After reading The Montessori Toddler by Simone Davies, I was inspired to make several changes in our home. One of the many topics discussed in this book is how to set up Montessori-style spaces. I loved how thoughtfully and intentionally each space was designed to meet the needs of the child.
I realized that there were many places in our home where I could further my toddler’s independence by bringing things down to his level. We specifically tried not to go out and buy all new items. Instead, we repurposed and repositioned things we already owned. Because of this, I would consider our setup Montessori-inspired rather than a perfect example of Montessori.
In the kitchen, we moved our toddler’s dishes to a shelf where he could access them. We also set out a water cup and snack on the shelf each day for when he gets hungry or thirsty. It’s important to only include the size snack you would be comfortable with them eating. Noah (our sixteen-month-old) is obsessed with this cabinet and opens it all day to play with the contents.
My husband made a learning tower which allows Noah to work at counter height helping prepare meals and wash dishes. (Although, really, he’s sampling food and splashing in the water).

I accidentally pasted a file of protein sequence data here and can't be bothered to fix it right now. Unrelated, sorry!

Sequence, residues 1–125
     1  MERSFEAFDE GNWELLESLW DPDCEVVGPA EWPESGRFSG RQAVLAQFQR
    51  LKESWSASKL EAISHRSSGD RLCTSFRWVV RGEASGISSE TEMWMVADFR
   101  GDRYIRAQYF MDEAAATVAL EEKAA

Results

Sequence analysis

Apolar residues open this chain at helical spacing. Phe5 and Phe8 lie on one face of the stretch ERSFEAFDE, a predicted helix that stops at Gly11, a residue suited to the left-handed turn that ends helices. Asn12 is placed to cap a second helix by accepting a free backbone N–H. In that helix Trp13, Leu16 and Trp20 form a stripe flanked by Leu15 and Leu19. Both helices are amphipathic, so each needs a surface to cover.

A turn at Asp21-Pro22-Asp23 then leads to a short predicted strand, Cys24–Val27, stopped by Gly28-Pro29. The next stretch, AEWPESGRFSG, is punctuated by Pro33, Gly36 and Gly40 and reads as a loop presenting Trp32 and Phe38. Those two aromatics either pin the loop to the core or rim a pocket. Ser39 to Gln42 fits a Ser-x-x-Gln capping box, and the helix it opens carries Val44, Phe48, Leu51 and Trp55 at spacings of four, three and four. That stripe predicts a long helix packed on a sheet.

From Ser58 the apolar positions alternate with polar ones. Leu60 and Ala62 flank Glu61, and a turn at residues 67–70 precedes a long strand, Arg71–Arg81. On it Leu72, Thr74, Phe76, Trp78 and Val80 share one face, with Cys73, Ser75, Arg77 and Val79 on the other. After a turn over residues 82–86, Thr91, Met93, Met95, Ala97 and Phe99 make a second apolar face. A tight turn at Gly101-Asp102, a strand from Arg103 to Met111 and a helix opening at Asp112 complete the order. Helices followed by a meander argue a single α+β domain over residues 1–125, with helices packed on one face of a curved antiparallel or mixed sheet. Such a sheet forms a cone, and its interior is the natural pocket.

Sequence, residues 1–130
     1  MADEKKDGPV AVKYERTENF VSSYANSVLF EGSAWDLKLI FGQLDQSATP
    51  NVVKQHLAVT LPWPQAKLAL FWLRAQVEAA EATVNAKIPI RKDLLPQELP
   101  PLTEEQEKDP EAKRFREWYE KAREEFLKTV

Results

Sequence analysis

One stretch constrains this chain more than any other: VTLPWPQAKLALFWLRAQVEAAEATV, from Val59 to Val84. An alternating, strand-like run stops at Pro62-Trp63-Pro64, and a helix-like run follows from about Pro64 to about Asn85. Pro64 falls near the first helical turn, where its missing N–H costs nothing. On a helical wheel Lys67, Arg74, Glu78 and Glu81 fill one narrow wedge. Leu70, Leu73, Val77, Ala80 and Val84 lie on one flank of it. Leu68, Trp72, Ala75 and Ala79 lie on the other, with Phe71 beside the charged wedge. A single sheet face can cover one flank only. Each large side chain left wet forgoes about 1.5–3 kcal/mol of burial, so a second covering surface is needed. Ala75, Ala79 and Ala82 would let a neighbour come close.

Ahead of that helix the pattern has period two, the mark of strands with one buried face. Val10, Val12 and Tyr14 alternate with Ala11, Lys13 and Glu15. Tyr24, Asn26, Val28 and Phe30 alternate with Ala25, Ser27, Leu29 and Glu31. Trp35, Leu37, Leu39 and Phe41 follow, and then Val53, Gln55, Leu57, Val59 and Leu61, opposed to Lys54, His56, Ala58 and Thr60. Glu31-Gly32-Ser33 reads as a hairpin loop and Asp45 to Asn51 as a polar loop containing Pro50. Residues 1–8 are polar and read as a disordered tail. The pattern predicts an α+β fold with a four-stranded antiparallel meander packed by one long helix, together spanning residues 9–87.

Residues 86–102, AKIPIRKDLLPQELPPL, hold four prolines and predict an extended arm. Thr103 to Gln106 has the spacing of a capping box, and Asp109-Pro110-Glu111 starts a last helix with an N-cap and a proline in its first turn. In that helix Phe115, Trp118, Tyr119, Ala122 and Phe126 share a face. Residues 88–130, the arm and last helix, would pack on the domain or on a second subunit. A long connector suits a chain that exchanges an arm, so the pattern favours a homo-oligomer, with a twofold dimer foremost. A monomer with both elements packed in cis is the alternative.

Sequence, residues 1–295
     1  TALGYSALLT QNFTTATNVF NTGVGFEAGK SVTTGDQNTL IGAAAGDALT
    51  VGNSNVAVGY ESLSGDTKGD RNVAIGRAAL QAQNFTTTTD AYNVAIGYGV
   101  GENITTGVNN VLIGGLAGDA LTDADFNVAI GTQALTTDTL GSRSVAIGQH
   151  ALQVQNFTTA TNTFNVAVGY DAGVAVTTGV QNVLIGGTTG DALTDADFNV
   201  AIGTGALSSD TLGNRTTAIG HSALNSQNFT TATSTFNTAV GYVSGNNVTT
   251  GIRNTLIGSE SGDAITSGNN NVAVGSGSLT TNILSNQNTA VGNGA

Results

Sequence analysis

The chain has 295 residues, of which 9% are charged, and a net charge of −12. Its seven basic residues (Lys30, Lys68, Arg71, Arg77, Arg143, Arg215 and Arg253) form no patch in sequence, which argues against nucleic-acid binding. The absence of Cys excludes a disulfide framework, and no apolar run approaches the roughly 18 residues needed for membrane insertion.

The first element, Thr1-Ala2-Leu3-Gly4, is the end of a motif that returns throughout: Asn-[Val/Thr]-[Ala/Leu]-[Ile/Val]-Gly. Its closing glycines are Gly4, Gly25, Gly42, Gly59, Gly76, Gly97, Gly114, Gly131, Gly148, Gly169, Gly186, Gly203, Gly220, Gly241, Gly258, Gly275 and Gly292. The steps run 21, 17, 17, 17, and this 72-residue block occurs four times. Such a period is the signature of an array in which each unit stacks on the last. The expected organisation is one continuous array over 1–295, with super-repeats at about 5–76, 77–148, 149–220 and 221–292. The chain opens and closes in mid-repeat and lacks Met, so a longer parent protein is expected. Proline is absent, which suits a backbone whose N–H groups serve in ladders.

I also added a broom set for him to help clean the kitchen after meals.
Lastly, we took the tray off his highchair, lowered it, and pushed it up to the table so we can have meals as a family.
Montessori-Inspired Living Room
In our living room, we have a play kitchen and a church pew with baskets of toys underneath. The main change I made in this area was reducing the number of toys available in the baskets. I plan to rotate toys as he loses interest in what’s available.
In our office, I repositioned Noah’s table to be underneath a window. I set up basic art materials (chunky crayons and paper) for him to use whenever he chooses. We also use this table for many other activities.
The biggest change was converting his crib into a toddler bed so that he could climb in and out independently. I was nervous how this would affect his sleep, but I have noticed little difference. The other change is that I set up a mirror in his reading area. He LOVES looking at himself and even plays peek-a-boo with his reflection. I call it his quarantine BFF.
I have been amazed by how these changes have made Noah more confident and independent. It’s so fun helping him help himself, because he gets so much pride out of his accomplishments.
One of my all-time favorite quotes is: “Never help a child with a task at which he feels he can succeed.” I am constantly repeating this to myself, learning to take a step back and let Noah lead. I hope this was helpful, especially if you have been considering adapting a more Montessori approach to your home.
Have you implemented a Montessori approach in your home? If so, let me know what tips and tricks you use in the comments below!